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Divergent Soundtracks of Hanukkah: Ma‘oz tzur from Italy’s Jewish Ghettos

By Francesco Spagnolo

Published Nov 14, 2022

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Ma‘oz tzur (Part 1/5)

Sound clip
Blessing – Ma‘oz tzur (Verona, Italy)
Mario Volterra (Cantor, 1901-1960), recorded by Leo Levi (ethnomusicologist, 1912-1982)  in Bologna, Italy, on March 13, 1956, National Sound Archives, National Library of Israel, Y0156

 

This particular tune for Ma‘oz tzur — a Hebrew hymn written in Germany during the late 12th century by a poet named Mordekhai that is commonly recited on Hanukkah across the Jewish world — is part of a “pool” of melodies found among the Ashkenazi Jewish communities of Northern Italy. It is quite different from the one almost universally sung across the Jewish world, and it is representative of the culture of Jews who left southern Germany and Austria in the early-modern period, crossed the Alps, and settled in several Italian City States, most notably the Republic of Venice. 

The melody was recorded by Leo Levi (1912-1982) as part of an effort to collect the musical traditions of the Jews of Italy, which resulted in an archive of recordings now preserved in Italy (Santa Cecilia National Music Academy) and Israel (National Sound Archives). The recording opens with the blessing recited upon kindling the Hanukkah candles, followed by the words of the Ma’oz tzur poem. While this melody is specific to the Ashkenazi ritual of Verona, Italy, other similar versions were recorded by Levi in Ferrara, Gorizia, Casale Monferrato, and Turin, attesting to its longevity among the Ashkenazi Jews of Italy.

Ma‘oz tzur (Part 2/5)

Score
Benedetto Marcello (Venice, 1686-1739)
Estro poetico-armonico
Venezia, Domenico Lovisa, 8 vols., 1724–1726
Vol. 3 (1724), p. XI
Source: IMSLP (public domain) 

 

Transmitted for centuries via oral tradition, this melody was first documented in writing in the 18th century by Benedetto Marcello (Venice, 1686-1739), a non-Jewish composer who conducted fieldwork in the Ghetto of Venice (the place where the word “ghetto” comes from), transcribing in musical notation synagogue songs he referred to as “Psalms.” Marcello published his musical transcriptions in Estro Poetico-Armonico, and used them as inspiration for his own original compositions. Thanks to Marcello’s publication, we know that this way of singing Ma‘oz tzur has not changed much for at least the last 300 years (and, likely, longer).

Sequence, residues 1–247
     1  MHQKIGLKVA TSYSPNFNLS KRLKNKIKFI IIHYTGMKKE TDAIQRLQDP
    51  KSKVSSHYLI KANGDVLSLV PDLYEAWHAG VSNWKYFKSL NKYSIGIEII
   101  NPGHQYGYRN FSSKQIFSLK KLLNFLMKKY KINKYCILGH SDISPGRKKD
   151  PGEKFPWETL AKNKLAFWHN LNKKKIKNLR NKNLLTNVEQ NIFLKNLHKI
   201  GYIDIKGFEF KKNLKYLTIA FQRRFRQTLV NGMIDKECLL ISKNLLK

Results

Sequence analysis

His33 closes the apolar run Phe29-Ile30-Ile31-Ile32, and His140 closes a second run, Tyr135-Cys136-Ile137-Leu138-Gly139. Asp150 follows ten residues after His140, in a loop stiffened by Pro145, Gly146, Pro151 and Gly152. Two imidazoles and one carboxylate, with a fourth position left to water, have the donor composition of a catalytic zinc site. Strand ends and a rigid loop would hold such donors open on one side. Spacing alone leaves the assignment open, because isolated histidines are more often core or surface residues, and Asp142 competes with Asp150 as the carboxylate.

Ma‘oz tzur (Part 3/5)

Ma‘oz tzur, in the original Hebrew and in English translation, is one of the better-known, and beloved, texts of the Jewish tradition. Just like some songs from the Passover Seder, it is sung at home, often in a family setting, as well as in communal settings, and is closely associated with special foods and ritual customs. And, just as is the case for most Jewish songs across the Jewish world, Ma‘oz tzur is sung to many different melodies, both ancient and modern, including the one from Italy. And yet, none of these is as well known as the one universally sung in the United States, Israel, and elsewhere: a beloved melody, also of ancient and multi-layered origins that speaks to overlapping Jewish and Christian musical cultures in Europe. It requires no introduction, and has been recorded many times, like in the flamboyant rendition that cantor, singer, and actor Moishe Oysher (1906-1958) included in his 1950s album, Chanukah Party (above).

Ma‘oz tzur (Part 4/5)

Example 1 Above:  Zamir Corale (arranged by Hugo Chaim Adler, conducted by Matthew Lazar at Merkin Hall, 2019). 

 

The 1906 Jewish Encyclopedia provided, for the first time in the English language, a wide-ranging overview of this better-known version, on the basis of research by the 19th-century German Jewish music pioneer, Eduard Birnbaum: